Dav Whatmore just another figure in Pakistan`s run-ins with coaches

Cricket Country| Updated: Sep 19, 2013, 16:40 PM IST

On March 22, 2012, when Pakistan clinched a cliffhanger to win the Asia Cup, Dav Whatmore capped off a good start to his coaching tenure after replacing Mohsin Khan just before the tournament. A year and a few months down the line, the landslide is there for everyone to see and the only two people buried under it are Whatmore and skipper Misbah-ul-Haq. Former players to officials in the Pakistan Cricket Board (PCB), everyone is gunning for Whatmore’s exit. The tendency to pin the blame on one person is not uncommon for Pakistan going by their previous run-ins with coaches.

Blaming the coach alone is not going to help Pakistan cricket. A broader outlook highlights the low popularity of authoritative figures in Asia. It is difficult to concretely establish the fact, but his involvement along with Misbah in selecting the team is said to have pushed Iqbal Qasim’s resignation from his post of a selector. And Whatmore hasn’t taken the performance too lightly as well.

In an interview after the Champions Trophy debacle, Whatmore said that his focus is on having a highly skilled and fit team. If a player scores well but is slow in the field and vice versa, it turns out to be a handicap for the side. This more or less defines the present Pakistan team. And if you go down memory lane, one can see similarities with India’s turbulent Greg Chappell-Sourav Ganguly era. Perhaps it takes a soft convincing approach to get things done within a team in Asia, which Gary Kirsten may have mastered during his tenure. The South African took over after the Chappell era and learnt the man-management skills best suited to the interests of India. It follows what Inzamam-ul-Haq had to say as he hinted towards Bob Woolmer’s positive influence to Whatmore’s inability to deliver and the need for a local coach. It is important to understand the way cricket is played in the subcontinent and what the adulation turns the players into. To cite one example, Whatmore, coach of Sri Lanka during their successful ICC World Cup 1996 campaign had a bitter relation with Arjuna Ranatunga. This went to the extent that Ranatunga, as consultant to PCB had blocked the idea of having an Australian coach and Whatmore in particular.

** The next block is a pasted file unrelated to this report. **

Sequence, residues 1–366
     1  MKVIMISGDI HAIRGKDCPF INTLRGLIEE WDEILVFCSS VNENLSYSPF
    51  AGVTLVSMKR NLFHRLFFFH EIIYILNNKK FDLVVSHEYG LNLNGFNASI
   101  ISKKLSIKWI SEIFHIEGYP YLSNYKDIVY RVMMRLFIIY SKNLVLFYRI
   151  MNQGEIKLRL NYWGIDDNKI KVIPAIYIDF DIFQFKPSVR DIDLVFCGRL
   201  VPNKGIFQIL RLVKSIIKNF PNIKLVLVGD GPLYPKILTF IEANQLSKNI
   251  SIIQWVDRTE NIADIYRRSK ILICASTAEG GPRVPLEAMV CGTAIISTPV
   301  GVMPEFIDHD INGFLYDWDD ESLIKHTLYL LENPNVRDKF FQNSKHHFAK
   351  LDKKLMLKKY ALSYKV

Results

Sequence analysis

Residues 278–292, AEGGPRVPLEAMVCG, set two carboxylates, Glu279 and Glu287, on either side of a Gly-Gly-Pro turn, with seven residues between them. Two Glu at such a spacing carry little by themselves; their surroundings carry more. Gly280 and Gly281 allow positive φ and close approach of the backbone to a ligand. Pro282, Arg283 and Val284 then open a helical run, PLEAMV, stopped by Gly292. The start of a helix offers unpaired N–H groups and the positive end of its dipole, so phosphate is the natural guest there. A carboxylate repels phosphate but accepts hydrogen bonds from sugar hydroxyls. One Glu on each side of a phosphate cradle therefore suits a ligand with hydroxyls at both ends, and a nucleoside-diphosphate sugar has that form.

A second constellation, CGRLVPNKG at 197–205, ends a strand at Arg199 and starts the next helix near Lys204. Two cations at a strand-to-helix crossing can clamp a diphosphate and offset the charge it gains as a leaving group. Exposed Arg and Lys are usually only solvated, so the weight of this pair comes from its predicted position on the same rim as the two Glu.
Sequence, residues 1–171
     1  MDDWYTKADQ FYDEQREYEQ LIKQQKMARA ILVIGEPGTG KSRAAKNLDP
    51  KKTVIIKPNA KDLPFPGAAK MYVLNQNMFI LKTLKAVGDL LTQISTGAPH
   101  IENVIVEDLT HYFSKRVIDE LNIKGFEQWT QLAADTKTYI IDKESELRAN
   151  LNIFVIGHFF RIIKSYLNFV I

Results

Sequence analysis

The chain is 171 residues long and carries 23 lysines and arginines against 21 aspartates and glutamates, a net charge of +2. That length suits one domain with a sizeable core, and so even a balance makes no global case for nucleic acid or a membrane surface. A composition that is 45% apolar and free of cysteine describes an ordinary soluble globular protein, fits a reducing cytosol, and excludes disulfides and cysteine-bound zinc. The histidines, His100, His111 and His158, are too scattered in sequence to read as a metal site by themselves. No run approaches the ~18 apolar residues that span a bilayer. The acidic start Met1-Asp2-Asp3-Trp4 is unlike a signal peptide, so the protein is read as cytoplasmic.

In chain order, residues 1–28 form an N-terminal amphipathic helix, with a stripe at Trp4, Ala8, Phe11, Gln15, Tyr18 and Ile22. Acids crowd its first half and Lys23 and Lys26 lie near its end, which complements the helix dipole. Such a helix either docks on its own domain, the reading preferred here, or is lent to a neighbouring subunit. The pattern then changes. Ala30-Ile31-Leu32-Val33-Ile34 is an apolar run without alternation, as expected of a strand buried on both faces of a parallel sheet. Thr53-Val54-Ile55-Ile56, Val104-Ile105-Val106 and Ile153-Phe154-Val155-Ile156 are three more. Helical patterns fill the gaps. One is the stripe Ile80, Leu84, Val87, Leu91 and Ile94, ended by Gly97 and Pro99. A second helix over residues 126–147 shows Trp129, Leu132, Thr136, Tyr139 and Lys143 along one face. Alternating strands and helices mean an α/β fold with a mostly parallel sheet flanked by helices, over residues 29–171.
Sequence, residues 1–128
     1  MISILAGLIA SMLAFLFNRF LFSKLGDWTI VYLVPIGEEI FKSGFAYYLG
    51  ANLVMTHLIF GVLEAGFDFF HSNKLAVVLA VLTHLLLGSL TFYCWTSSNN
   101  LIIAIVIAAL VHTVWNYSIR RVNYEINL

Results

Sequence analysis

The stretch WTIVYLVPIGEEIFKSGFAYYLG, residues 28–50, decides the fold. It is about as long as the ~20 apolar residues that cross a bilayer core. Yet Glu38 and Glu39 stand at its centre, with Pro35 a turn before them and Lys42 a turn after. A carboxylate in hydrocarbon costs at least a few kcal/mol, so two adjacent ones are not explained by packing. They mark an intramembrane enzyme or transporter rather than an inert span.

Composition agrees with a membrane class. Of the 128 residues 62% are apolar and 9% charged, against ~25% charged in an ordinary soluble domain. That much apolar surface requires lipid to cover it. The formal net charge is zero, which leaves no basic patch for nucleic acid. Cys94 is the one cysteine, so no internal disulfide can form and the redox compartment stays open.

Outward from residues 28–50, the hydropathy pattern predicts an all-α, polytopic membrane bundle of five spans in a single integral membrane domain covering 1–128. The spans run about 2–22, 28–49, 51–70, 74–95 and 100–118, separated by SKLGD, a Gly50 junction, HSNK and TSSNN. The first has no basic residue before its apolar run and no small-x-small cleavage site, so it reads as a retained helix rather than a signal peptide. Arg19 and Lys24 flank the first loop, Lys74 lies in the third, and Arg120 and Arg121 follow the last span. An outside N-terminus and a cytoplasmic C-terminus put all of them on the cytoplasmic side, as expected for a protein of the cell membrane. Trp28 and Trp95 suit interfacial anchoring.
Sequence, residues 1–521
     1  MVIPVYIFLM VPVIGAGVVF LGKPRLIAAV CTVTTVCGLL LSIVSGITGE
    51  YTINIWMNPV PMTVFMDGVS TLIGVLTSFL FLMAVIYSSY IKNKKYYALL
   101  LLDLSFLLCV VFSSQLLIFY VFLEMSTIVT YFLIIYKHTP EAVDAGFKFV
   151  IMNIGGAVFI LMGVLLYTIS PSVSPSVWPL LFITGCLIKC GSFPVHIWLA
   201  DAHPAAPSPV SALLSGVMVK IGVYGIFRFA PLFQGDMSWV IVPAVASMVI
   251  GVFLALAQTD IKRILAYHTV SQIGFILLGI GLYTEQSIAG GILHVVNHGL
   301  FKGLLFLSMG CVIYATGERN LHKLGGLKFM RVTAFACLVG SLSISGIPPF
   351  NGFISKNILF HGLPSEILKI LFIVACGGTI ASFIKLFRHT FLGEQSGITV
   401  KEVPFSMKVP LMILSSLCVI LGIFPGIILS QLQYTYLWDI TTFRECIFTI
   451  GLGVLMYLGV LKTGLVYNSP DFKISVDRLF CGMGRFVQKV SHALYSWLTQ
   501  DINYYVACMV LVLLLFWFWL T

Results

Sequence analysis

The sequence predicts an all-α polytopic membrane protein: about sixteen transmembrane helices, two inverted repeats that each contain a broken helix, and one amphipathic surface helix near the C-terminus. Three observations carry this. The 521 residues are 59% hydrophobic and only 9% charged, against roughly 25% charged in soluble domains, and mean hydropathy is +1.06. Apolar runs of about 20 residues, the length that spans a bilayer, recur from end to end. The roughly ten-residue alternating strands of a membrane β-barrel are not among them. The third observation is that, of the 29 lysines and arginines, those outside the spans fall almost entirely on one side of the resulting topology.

Perhaps if there was an Asia XI, Whatmore is the most likely candidate to be appointed a coach looking at his stint with each country, but he is far from being a favourite. Now, that doesn’t make coaches like Whatmore a bad one. However, their figures are best suited for countries where they can hold an assertive influence on the team — like England where Andy Flower’s tough stand reflects in the way they have performed. Discipline bears fruit in its nascent stages as we saw with India, where the Chappell- Dravid combo was hailed for India’s successive One Day International (ODI) victories while chasing. But in the long run, several egos get hurt. To deviate slightly, maybe in this context Matthew Hayden wasn’t wrong in stating that personal milestones matter more than team in subcontinent.

For Pakistan though the trouble extends to poor form of the players. Some of the players like Mohammad Hafeez are a liability and questions are bound to be raised in cricketing circles. The team’s recent performance with the bat appears as though Misbah is left alone like elderly individuals deserted by near and dear ones. Even during the first qualifier of the Champions League T20 (CLT20), 2013, Wasim Akram made some accurate observations on the struggling batsmen. Akram pointed out basic flaws while commentating during the game. It’s not the responsibility of individuals like Whatmore to take care of the not so productive talent at the domestic level.

If at all there is an effective method of setting things right, it starts with stabilising the domestic structure and getting selections right. Unfortunately for Pakistan, the latter is ridden with allegations of favouritism. To cite India’s example, the A series’ and Under-23’s allow selectors to provide a platform in which they can test the player’s temperament before making a way for them to the senior team. Someone like Ishwar Pandey was demoralised during his brief experience with Pune Warriors India (PWI) when Chris Gayle went ballistic during his 175 not out, but the right-armer earned his chances for India A and made a good impression.

Pakistan have a factory of fast bowlers. But to shape up a good batting unit, it has to test its young players and build a pool of talent like their neighbours by pushing them out of their comfort zone. Unless the management introspects upon the cause rather than the effect, Pakistan’s woes will continue even after Whatmore goes.

Abhijit Banare/CricketCountry